While Cyprus grudgingly conceded it may have sold tyrants, fugitives and five-star undesirables a Cypriot passport there was another slither of bad news wedged between the debris of the island’s investment scheme.
A survey conducted by the Football Observatory of the International Centre for Sports Studies (CIES), revealed that Cypriot clubs prefer to make short-term gains rather than invest in homegrown talent.
It indicated that Cyprus has the highest percentage of foreign footballers with 66.8%, followed by Portugal (63.6%) and Turkey (62.4%).
To make matters worse, six out of the 10 European teams with the most minutes played by expatriates were Cypriot clubs.
The Cypriot Championship remains one of Europe's oldest with a player average age of 27.41.
It is not something the football academies like to advertise when encouraging the parents of young children that their sons or daughter should join them.
Football is the island’s national sport but like our Cypriot passport scheme we’ve sold out to foreign mercenaries in a self-made get-rich-quick scheme where losers outnumber the very few winners.
Hundreds of mums and dads out there are dreaming their kids might one day become a professional footballer or at least enjoy the game at a decent level.
Parents are duped into paying hard-earned money for the privilege of their kids being coached to play football on a notion that if their offspring are talented this will be nurtured and developed in the best possible way.
This is the belief, but the reality is that most football clubs see their academies as a cash-cow to spend the money on attracting foreign imports for a quick-fix on the glory trail.
Only when experiencing the system – if you can call it that – does it slowly dawn on you that developing young Cypriot talent is way down on the list of priorities.
Those that run the game will say Cyprus is a small island which should not be expected to compete at the highest level or meet the same standard of technical coaching as in other countries.
Cyprus should be trying to do the best it can in the sporting arena, not finding defeatist excuses to avoid having a vision where the pursuit of excellence is allowed to thrive.
Thousands of people play football in this country every weekend while thousands more go to watch the game at the grassroots level where enthusiasm hasn’t been strangled by short-termism.
One only needs to visit a professional topflight game on any given day to realise that the fans are staying away in their droves because the entertainment is poor, the stadia are far from family-friendly and there is a dearth of homegrown heroes to cheer.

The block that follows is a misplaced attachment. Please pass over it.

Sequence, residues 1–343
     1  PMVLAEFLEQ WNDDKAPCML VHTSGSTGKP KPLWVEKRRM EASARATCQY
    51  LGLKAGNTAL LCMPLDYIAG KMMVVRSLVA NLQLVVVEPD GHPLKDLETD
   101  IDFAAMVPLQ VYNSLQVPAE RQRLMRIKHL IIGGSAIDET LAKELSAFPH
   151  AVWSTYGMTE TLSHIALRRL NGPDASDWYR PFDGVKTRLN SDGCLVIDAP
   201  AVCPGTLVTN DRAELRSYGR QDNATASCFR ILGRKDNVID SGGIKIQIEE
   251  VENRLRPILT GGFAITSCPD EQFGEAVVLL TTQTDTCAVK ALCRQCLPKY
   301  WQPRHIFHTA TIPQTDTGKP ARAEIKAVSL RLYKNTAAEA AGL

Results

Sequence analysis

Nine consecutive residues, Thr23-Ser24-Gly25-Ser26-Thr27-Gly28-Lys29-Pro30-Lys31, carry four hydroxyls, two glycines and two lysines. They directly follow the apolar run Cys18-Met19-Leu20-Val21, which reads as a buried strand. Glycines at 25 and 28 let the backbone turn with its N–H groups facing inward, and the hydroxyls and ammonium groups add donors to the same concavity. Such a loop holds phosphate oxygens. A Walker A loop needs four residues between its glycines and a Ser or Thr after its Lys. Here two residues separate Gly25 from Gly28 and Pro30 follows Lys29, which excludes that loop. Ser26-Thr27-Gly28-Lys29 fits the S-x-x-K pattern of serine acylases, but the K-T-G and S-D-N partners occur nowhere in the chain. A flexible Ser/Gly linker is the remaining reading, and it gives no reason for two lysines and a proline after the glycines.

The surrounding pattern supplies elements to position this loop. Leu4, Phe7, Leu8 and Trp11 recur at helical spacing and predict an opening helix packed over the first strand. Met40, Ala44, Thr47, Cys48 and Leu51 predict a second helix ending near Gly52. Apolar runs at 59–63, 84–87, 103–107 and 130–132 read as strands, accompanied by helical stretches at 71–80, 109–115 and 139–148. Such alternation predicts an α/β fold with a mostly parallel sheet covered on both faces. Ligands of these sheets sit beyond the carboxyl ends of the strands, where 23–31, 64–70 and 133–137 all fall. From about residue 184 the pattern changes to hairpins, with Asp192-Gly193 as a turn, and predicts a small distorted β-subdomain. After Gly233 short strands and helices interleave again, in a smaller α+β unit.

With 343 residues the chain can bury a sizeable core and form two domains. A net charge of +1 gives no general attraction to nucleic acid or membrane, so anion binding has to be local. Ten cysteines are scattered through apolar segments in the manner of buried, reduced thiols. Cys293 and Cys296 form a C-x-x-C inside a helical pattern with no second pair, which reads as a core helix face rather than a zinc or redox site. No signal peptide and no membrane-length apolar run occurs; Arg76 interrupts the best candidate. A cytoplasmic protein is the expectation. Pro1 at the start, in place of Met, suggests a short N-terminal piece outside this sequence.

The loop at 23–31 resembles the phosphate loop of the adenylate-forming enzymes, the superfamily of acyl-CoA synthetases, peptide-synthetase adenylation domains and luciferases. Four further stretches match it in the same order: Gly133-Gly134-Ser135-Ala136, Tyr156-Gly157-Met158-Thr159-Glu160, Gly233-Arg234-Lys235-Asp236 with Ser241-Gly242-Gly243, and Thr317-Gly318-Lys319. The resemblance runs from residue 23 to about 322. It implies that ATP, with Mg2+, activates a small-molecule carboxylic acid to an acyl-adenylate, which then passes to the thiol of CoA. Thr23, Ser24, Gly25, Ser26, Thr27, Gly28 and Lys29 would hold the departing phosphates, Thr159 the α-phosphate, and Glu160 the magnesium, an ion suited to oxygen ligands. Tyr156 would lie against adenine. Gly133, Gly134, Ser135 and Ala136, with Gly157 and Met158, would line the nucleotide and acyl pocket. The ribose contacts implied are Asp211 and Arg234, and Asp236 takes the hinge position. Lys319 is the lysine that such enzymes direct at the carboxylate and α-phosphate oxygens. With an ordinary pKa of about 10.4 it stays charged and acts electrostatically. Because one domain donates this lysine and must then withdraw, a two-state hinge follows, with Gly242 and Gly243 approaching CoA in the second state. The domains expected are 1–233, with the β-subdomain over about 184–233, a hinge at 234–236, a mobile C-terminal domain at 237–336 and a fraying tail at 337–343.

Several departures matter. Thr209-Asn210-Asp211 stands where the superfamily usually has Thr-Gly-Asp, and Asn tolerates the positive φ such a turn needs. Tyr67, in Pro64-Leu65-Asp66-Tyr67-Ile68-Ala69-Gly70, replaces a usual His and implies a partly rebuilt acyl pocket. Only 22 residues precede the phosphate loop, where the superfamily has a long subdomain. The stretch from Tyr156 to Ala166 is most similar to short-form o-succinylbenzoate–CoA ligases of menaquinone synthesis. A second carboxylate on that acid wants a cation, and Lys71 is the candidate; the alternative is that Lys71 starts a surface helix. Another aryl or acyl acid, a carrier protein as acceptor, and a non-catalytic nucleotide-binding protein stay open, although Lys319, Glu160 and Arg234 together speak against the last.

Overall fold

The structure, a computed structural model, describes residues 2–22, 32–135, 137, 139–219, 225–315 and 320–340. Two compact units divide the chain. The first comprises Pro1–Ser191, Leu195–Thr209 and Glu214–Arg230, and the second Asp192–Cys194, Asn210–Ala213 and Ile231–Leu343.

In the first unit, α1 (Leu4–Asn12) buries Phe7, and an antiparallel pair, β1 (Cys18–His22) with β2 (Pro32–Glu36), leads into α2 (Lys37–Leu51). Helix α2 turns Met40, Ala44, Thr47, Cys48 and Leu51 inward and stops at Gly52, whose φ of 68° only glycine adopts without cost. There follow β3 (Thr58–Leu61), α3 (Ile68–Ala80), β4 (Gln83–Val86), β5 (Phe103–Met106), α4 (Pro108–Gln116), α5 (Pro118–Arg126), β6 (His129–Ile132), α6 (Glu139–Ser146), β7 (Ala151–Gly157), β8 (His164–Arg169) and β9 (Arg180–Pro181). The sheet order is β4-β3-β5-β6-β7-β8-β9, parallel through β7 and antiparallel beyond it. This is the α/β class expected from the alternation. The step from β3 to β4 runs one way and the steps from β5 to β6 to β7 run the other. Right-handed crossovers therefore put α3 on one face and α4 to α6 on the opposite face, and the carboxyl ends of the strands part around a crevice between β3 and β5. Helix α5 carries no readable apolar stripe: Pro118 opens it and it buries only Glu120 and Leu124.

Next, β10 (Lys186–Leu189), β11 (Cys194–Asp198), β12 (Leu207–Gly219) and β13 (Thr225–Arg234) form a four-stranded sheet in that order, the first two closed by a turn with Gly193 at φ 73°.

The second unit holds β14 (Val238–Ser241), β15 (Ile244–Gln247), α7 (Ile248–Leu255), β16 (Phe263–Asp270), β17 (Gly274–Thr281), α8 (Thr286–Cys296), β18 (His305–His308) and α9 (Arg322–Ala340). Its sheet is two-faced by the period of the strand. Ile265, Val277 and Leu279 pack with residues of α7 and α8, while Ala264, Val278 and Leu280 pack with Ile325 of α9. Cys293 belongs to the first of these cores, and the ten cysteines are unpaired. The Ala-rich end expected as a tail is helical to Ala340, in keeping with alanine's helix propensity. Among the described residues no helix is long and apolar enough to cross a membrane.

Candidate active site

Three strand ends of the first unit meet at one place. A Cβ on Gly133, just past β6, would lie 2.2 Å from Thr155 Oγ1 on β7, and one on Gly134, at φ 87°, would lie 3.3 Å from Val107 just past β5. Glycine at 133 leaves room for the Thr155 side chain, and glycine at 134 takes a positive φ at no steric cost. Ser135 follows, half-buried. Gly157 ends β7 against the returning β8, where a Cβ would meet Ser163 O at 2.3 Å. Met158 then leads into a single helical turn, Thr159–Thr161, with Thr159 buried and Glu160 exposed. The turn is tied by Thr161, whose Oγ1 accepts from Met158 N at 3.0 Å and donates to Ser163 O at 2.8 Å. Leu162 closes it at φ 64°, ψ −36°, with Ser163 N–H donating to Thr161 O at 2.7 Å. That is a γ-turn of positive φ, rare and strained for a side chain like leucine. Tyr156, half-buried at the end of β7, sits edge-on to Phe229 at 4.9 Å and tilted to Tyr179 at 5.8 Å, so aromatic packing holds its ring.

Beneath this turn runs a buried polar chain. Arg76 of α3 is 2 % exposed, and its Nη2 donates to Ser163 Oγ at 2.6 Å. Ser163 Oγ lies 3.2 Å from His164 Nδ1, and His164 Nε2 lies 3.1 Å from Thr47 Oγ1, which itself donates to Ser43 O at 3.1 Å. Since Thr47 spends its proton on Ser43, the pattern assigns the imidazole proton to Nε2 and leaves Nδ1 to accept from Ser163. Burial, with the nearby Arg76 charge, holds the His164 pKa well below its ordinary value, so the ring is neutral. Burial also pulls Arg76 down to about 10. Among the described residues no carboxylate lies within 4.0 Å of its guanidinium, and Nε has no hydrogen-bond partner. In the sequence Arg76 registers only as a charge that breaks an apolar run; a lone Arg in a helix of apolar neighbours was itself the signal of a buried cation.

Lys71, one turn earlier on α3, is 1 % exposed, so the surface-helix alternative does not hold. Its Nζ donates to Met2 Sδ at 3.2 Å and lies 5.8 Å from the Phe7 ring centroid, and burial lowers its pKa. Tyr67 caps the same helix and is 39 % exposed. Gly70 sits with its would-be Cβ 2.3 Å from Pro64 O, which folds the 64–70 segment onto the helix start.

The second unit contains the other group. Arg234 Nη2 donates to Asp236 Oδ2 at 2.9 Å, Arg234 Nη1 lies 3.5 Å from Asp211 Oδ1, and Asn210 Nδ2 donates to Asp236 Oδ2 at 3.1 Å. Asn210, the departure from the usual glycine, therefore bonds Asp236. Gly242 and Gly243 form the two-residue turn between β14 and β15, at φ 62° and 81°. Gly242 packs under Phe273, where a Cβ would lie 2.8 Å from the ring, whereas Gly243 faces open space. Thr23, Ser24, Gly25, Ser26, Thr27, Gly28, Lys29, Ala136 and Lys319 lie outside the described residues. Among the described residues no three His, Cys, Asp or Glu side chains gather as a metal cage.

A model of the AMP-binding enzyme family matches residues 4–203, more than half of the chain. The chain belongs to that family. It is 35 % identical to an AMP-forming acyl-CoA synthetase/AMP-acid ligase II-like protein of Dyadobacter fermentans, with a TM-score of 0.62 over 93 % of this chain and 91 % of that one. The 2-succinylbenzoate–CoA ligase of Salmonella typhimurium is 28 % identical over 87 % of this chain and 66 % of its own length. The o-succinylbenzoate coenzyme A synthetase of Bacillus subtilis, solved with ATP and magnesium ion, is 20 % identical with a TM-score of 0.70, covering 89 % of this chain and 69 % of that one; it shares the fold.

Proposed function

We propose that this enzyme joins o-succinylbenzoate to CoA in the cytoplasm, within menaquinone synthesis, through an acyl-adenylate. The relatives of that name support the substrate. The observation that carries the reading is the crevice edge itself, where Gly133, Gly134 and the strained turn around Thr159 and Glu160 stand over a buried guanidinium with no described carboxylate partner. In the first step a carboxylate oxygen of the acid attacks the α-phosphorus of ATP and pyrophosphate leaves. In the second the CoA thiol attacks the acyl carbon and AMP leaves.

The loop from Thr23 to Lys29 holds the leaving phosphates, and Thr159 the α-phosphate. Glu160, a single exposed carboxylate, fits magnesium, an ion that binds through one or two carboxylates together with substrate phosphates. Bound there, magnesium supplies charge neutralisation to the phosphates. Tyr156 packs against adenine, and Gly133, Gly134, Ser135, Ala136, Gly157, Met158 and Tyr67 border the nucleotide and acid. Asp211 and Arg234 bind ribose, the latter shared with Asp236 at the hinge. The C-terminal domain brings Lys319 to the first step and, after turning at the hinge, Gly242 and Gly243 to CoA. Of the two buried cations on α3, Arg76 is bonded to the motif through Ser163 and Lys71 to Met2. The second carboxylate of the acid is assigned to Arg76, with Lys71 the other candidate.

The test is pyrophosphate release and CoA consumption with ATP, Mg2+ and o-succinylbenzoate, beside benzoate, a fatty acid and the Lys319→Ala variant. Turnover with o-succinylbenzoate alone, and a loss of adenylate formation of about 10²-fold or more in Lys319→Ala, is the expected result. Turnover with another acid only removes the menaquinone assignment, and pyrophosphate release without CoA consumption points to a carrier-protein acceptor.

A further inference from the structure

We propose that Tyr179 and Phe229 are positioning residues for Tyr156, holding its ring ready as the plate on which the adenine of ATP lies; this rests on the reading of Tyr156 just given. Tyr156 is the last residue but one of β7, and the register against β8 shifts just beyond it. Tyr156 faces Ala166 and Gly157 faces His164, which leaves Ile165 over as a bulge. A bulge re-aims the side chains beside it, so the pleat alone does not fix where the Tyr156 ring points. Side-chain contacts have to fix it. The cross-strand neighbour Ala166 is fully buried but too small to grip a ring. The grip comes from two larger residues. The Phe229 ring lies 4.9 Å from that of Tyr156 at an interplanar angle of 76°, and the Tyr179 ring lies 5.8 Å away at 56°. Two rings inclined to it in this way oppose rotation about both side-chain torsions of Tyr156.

Add to the mix poor refereeing, a badly packaged product, the overriding belief that most games are fixed, the lack of top-down competition, non-existent investment in infrastructure and no clear pathway for Cypriot talent to blossom.
More pressing, where is the national conversation about the state of our game.
There is no debate about Cyprus having the oldest players, most foreigners, highest turnover of footballers and more contract disputes than an episode of Suits.
Where’s the demand for better coaching of our youngsters or the Cyprus Football Association creating a school of excellence to develop elite players that will one day don the Cypriot jersey.
Granted, good foreign players have improved the standard of Cypriot football while helping younger Cypriot footballers to improve.
But how many times have clubs just thrown good money after bad because they treat player recruitment like a blind auction where they bid for items in the hope that among the duds a rare gem might shine.
It has almost become fashionable for clubs to change their squads quicker than it takes to launch their new shirt for the season.
Football is about community, it’s about clubs having a lifelong interaction with the fans and creating a bond of loyalty for the values and history they represent. It’s about respect and giving back something to the game.
If Cypriot clubs don’t care about developing and promoting Cypriot players, then what message is it giving to the fans on how serious they take their academies.
At a stretch, there may be five teams that have any realistic chance of winning a trophy, so why don’t the rest invest in the local player pool, even second division teams that survive on a pittance gamble on foreigners like they won a Las Vegas jackpot.
Good young Cypriot players need to be given a chance to shine on the bigger stage so they can improve, they need space to blossom.
Clubs might argue there aren’t enough Cypriot player of a high enough quality to compete, so what are their academies doing apart from counting the profit on selling false hope.
Surely, fans want to see the best foreign players strut their stuff with Cypriots who understand what it means to wear the shirt of their hometown club.
Cyprus must aspire to be better but like everything else, people prefer to create shortcuts and damn the consequences.